Midnight strikes and you find yourself in bed swiping left and right, biting your lip wondering if you should message that match or wait for him to make the first move. Sound familiar? This happened to me when I followed the new trend in college and made a Tinder account during my freshman year. Some people love the no-strings-attached lifestyle that Tinder provides, while others find real relationships from the app. However, my personal experience as a Tinder user involved nothing but mind games. It led to a lot of meet-ups that mostly taught me about life. Ultimately, after realizing that I swiped right way too many times to the wrong guys, I had to summon the strength to swipe left once and for all to my account with Tinder.
When my month-long winter break began during my freshman year, I found myself unbelievably bored in my childhood Wisconsin bedroom. I couldn’t believe how much free time I had; what could I possibly entertain myself with for a whole month? I soon found my sleep schedule shifting from 4 a.m. to noon, and I had nothing else to do but fiddle with my phone until the late night hours. Out of pure boredom, I decided to make a Tinder account. I found myself swiping left for most local guys, knowing I’d be heading back to Chicago soon for school. That’s when I realized I could expand my search to a 100-mile radius to include both areas.
From there, I became hooked.
I didn’t know exactly what I wanted from Tinder, but it seemed to have it all. I knew I could get a good hookup from it, and I’d heard of people actually finding legitimate relationships with the app and falling in love. Within a few weeks I found myself in a hotel room with a college junior from the area. The whole thing felt so surreal, nothing like my high school relationship. The decision ranked #1 on my list of dumb decisions for so many reasons: he could have lied about his identity, and I knew deep down that a meaningless hookup wasn’t really what I wanted. Although he kept saying that he was genuinely interested in me, I never heard from him again after that day (despite my many attempts to reach out, even just to start a friendship).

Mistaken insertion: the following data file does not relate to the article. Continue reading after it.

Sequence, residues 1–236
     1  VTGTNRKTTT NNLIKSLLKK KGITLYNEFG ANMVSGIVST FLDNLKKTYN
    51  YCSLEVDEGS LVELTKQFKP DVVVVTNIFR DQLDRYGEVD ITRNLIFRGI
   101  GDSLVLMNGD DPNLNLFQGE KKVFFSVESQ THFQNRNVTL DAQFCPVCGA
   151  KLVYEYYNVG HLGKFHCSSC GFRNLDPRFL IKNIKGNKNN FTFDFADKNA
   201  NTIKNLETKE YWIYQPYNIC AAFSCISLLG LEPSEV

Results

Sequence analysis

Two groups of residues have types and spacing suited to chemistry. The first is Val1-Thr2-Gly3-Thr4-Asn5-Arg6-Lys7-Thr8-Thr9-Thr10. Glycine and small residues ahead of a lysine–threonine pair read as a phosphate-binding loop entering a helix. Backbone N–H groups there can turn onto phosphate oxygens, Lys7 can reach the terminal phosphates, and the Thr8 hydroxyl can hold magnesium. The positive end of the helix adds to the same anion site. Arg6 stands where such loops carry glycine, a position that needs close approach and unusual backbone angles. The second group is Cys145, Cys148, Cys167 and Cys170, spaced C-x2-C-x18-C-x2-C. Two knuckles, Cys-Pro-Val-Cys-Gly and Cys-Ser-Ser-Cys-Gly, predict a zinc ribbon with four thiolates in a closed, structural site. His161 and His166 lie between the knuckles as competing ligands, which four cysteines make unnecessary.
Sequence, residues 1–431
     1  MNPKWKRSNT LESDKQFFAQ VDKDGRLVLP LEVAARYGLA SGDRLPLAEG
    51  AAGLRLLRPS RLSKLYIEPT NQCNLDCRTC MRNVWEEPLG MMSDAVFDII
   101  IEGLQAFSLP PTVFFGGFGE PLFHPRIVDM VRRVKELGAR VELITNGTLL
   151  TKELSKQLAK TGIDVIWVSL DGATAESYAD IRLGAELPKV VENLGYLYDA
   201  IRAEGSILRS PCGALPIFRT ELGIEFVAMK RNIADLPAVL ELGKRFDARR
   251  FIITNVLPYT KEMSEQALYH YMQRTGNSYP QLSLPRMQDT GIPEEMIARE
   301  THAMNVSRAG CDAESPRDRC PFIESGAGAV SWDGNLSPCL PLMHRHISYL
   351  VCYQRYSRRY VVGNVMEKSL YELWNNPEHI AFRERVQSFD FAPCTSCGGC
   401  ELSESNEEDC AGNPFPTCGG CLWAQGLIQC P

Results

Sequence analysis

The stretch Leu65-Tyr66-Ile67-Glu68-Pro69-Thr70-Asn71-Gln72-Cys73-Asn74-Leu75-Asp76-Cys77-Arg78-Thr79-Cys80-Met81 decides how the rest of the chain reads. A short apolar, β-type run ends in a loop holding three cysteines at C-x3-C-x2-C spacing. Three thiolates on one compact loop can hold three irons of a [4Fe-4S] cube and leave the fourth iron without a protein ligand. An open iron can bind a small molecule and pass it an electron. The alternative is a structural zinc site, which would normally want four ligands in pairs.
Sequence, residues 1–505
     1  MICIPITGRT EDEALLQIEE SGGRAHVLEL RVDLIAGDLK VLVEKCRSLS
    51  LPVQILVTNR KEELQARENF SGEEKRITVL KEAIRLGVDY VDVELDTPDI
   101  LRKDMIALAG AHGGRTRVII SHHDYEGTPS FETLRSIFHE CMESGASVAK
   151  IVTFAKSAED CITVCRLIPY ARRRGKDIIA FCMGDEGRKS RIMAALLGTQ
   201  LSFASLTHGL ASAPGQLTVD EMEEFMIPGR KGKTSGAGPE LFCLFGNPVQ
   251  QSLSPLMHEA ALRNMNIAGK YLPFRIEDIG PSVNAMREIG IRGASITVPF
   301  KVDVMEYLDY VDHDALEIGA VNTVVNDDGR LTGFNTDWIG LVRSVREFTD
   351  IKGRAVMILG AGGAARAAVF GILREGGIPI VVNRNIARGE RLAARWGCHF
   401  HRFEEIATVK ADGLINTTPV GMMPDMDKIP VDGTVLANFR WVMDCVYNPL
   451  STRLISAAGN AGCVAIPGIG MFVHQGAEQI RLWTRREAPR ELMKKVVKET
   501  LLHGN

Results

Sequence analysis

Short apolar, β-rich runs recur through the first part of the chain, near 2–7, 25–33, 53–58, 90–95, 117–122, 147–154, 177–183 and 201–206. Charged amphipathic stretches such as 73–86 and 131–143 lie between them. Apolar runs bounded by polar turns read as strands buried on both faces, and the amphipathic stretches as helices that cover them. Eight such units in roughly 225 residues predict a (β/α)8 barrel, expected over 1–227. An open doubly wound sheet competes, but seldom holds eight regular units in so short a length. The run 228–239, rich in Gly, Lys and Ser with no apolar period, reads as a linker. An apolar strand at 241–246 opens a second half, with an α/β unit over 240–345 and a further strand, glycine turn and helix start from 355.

During our mini-rendezvous, I found out that his girlfriend had recently dumped him. Same thing happened on my first Tinder experience back at school in January – his relationship had just ended. I soon realized that, if I kept playing this desperation game, I’d always be second-best to whomever these guys couldn’t get over. In short, I ended up near tears every time I visited the app, and I deleted my Tinder account by February.
The fact that I had so much trouble getting rid of the app concerned me. Shouldn’t I be relieved to be rid of Tinder after all the negative experiences I’d had with it? Why couldn’t I let go of all these unreliable guys? I couldn’t understand why I relied so much on this app that, not only failed to make me happy, but also made me feel sad and rejected.
Eventually, the app called to me again like a fallen lover, and I couldn’t help but re-download it and experience its downward spiral once again. I started getting discouraged when it seemed like no one would ever match with me, and even when they did, hardly anyone replied to my messages. I spent another month of lonely nights waiting for strangers to affirm my self-worth, and after realizing I needed a change, I ultimately got rid of the app for good in March.
I don’t have a problem with dating apps in general; in fact, I’ve met a lot of great guys on other apps since I made my left-swipe decision. But I would recommend that anyone planning to take the online dating plunge should research the culture surrounding different apps and websites before getting sucked into the excitement of it all. Some sites specialize in long-term dating, some have options for every kind of meet-up and some, like Tinder, …well, we all know why Tinder exists at the end of the day. There’s nothing wrong with using these apps, so if you’re up for an adventure, go ahead. Swipe right, write that flirty message and enjoy.